LOS ANGELES - It's an old axiom: If an automaker has good product at a fair price, people will flock to dealerships. But sometimes it is a little more complicated than that.
Consider the situation at Mitsubishi Motor Sales of America Inc.
Two cars, the Galant sedan and Eclipse sport coupe, account for most of its U.S. volume at about 50,000 units apiece. The Japan-built Montero Sport sport-utility and Mirage subcompact add another 35,000 units each.
All are well-designed, good-looking and attractively priced. But sales are stalled because cash-poor Mitsubishi has not had the marketing funds needed to create high brand awareness.
Mitsubishi wants to add another volume product to help drive the company's total sales closer to the 300,000 range from its current stagnation level of under 200,000 units.
That is where the problems start, the things that make product planners yank their hair in frustration.
1 PLATFORM, MANY CARS
The Galant and Eclipse are built at Mitsubishi's factory in Illinois, using the same basic platform but many different components. From the same factory, DaimlerChrysler Corp. gets its Chrysler Sebring and Dodge Avenger coupes, using the same Mitsubishi platform but with many different parts and subassemblies.
Even with those four vehicles running down the lines, the plant has 70,000 units of capacity to spare.
The fix sounds easy: Insert a fourth Mitsubishi volume product, bring the plant closer to capacity, and come closer to your hoped-for 300,000 American units.
But the Illinois plant already is overburdened with the complexities of so many different products, says Hiroshi Yajima, president of Mitsubishi Motor Sales of America. Adding another vehicle would involve a tremendous risk in capital and manufacturing efficiency.
Debt-laden Mitsubishi does not have the capital to tackle that situation, which would seem to rule out an oft-rumored pickup or a co-venture with Volvo.
Then there's option 1A, which would entail building a new product off the Galant platform. It sounds like a good idea, since sharing a platform lowers costs by spreading overhead over more units of production.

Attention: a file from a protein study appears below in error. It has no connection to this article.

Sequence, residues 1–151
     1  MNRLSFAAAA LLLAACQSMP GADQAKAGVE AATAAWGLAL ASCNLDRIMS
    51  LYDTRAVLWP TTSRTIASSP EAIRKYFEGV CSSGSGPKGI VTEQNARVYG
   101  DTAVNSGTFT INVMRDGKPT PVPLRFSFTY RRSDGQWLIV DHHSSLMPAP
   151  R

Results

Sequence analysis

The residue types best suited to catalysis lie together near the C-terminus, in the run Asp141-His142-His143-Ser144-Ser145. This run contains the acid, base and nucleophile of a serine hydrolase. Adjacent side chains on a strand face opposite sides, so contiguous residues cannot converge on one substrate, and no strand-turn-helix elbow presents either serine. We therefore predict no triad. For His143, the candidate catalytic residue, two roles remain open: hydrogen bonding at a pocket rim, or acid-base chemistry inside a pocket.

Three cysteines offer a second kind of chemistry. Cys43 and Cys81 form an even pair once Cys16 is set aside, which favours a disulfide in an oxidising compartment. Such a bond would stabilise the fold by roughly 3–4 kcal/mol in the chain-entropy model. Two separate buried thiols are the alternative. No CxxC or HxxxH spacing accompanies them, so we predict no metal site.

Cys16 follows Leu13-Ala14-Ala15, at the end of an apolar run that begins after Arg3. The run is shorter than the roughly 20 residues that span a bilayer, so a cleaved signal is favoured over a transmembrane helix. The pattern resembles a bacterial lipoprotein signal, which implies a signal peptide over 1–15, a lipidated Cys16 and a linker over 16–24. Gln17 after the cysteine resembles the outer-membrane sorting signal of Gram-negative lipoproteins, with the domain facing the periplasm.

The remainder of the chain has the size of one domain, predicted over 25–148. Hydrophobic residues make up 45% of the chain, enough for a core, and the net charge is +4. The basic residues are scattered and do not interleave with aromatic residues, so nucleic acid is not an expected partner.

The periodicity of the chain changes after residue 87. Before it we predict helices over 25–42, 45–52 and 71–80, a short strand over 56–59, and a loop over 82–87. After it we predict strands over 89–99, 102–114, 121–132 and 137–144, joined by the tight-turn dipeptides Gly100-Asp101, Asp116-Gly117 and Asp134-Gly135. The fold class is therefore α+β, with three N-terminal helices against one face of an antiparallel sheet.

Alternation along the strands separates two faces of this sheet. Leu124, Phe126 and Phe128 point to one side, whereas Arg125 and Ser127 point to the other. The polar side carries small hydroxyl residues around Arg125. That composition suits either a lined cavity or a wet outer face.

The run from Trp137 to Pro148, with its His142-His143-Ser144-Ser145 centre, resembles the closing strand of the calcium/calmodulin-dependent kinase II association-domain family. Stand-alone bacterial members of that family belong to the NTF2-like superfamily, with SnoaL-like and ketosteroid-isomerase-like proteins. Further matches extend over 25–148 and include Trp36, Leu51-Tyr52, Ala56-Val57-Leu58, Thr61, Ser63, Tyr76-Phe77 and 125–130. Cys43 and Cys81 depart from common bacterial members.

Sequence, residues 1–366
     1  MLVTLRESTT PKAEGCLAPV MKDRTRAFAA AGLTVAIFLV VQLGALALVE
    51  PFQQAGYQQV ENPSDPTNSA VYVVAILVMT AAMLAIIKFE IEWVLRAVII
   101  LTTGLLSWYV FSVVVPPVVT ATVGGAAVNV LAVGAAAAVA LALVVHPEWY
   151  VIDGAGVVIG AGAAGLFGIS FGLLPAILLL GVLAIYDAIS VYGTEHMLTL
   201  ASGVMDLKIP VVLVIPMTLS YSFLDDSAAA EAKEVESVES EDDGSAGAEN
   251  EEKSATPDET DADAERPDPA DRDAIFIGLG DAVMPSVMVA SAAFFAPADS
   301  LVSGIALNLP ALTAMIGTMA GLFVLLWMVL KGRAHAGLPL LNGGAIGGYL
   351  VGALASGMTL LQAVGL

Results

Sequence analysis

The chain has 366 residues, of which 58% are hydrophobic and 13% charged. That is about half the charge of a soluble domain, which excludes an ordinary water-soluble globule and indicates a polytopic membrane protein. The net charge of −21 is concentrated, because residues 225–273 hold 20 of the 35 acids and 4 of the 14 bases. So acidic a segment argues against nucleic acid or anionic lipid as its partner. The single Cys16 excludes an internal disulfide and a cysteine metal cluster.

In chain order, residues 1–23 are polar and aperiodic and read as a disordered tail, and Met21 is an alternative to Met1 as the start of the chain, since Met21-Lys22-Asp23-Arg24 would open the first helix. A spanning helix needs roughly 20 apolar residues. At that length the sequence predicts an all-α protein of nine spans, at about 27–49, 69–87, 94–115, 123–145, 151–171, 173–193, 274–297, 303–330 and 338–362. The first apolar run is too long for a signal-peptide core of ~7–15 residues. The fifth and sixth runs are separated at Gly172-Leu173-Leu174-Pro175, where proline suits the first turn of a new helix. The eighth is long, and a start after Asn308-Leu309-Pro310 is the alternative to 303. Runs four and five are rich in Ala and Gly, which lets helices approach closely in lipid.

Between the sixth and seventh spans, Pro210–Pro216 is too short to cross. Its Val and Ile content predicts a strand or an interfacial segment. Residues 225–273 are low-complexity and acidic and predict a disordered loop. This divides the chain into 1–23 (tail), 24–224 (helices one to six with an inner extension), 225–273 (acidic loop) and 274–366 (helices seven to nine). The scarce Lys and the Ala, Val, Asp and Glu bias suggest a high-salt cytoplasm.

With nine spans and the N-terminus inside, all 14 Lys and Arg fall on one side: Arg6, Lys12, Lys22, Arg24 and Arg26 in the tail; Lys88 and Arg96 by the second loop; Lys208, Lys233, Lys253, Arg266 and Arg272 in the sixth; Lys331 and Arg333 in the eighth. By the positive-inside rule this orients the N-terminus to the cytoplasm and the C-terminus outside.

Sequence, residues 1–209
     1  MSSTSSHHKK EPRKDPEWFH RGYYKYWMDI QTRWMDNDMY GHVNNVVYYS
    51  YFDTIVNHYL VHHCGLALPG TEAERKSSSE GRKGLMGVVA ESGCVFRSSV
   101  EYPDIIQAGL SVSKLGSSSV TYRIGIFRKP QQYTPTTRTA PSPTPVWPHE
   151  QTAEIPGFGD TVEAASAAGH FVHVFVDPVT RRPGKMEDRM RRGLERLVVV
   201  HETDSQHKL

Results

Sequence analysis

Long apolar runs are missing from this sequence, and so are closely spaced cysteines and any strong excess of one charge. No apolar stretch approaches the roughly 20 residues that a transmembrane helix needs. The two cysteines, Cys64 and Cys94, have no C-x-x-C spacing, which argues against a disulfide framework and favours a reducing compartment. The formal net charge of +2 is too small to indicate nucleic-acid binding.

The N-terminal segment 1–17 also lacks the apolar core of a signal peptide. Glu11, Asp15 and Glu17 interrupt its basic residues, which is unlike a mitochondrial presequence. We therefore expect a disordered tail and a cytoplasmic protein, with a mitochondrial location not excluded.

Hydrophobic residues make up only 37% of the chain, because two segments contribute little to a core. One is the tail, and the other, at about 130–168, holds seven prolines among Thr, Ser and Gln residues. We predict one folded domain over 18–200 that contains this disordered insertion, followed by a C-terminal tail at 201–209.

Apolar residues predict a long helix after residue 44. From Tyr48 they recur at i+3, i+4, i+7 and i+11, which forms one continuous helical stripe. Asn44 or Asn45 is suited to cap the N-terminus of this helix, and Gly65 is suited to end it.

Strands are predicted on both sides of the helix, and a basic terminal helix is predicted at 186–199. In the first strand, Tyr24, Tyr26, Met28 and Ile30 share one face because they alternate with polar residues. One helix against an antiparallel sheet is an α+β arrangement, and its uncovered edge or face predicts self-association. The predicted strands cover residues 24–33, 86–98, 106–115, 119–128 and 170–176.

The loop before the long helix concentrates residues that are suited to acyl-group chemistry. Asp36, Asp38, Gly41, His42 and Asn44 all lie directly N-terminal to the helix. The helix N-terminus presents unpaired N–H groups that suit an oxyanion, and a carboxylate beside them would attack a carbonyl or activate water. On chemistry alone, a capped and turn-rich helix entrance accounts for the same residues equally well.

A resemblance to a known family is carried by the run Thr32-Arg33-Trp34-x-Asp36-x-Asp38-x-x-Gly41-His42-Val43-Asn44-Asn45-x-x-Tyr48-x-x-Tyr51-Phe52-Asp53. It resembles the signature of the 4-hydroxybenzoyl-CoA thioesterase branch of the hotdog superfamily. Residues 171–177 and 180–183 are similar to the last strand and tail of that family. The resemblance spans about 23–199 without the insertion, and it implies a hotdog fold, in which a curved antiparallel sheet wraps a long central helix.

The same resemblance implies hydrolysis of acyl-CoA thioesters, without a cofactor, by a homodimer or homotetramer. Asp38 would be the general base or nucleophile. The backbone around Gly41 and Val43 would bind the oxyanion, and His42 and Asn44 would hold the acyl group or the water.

Pierre Gagnon, Mitsubishi executive vice president, said the company is studying a hybrid sport-utility similar to the Lexus RX 300. Indeed, a wacky concept version, called the SSU (for Super Sport-Utility), will be shown at the Detroit auto show next month.
The problem is that such a vehicle would be a direct competitor to the existing Montero Sport, already one of Mitsubishi's strongest products. So perhaps a Galant-based minivan would be the answer.
But either new-product solution spawns its own big problem: Would you rather build your volume with an all-new vehicle, which thins the marketing budget for the rest of the line, or do you increase your volume by making the existing products better and spending more on marketing them?
WHICH WAY TO GO?
Do you spend a few hundred million dollars engineering the Galant platform to build a new minivan or a competitor to the Montero Sport? Or do you spend one-tenth the money to add, say, $500 a unit in content and quality, making the existing Montero Sport so good that people are unloading their Explorers and 4Runners?
That done, do you add another $100 million to the marketing budget to tell people how great the products are?
At a cash-poor company, the latter two options seem to make more sense. Spend a lot less money, and have the Montero Sport sell 60,000 units instead of 35,000 units. At the same time, Mitsubishi could boost ad spending to try to increase Galant and Eclipse volumes. But there are inherent problems there as well.
Although the redesigned Galant is doing well since its fall launch, it must do so against giants Honda Accord and Toyota Camry. Mitsubishi had its biggest marketing launch ever for Galant - using nearly half the year's ad budget - and nudged sales from last year's 42,607 units to about 50,000 units this year.
As for the Eclipse, although a redesign is coming next fall, the sport coupe segment is all but dead.
So taking either vehicle to the next level by basically doubling volume would be an expensive marketing proposition.
All the above situations also ignore a problem dealers have complained about for years: The current marketing setup has too little money left over also to advertise lower-volume products such as the Mirage, Diamante, 3000GT and Montero.
And that resurrects the problem Mitsubishi has faced all this decade: It has as many products as a first-tier automaker but the sales and commensurate budgets of a second-tier company. Which raises the question: Would the cash-poor Japanese parent be willing to loosen the purse strings if yet another volume product were added to the vehicle line?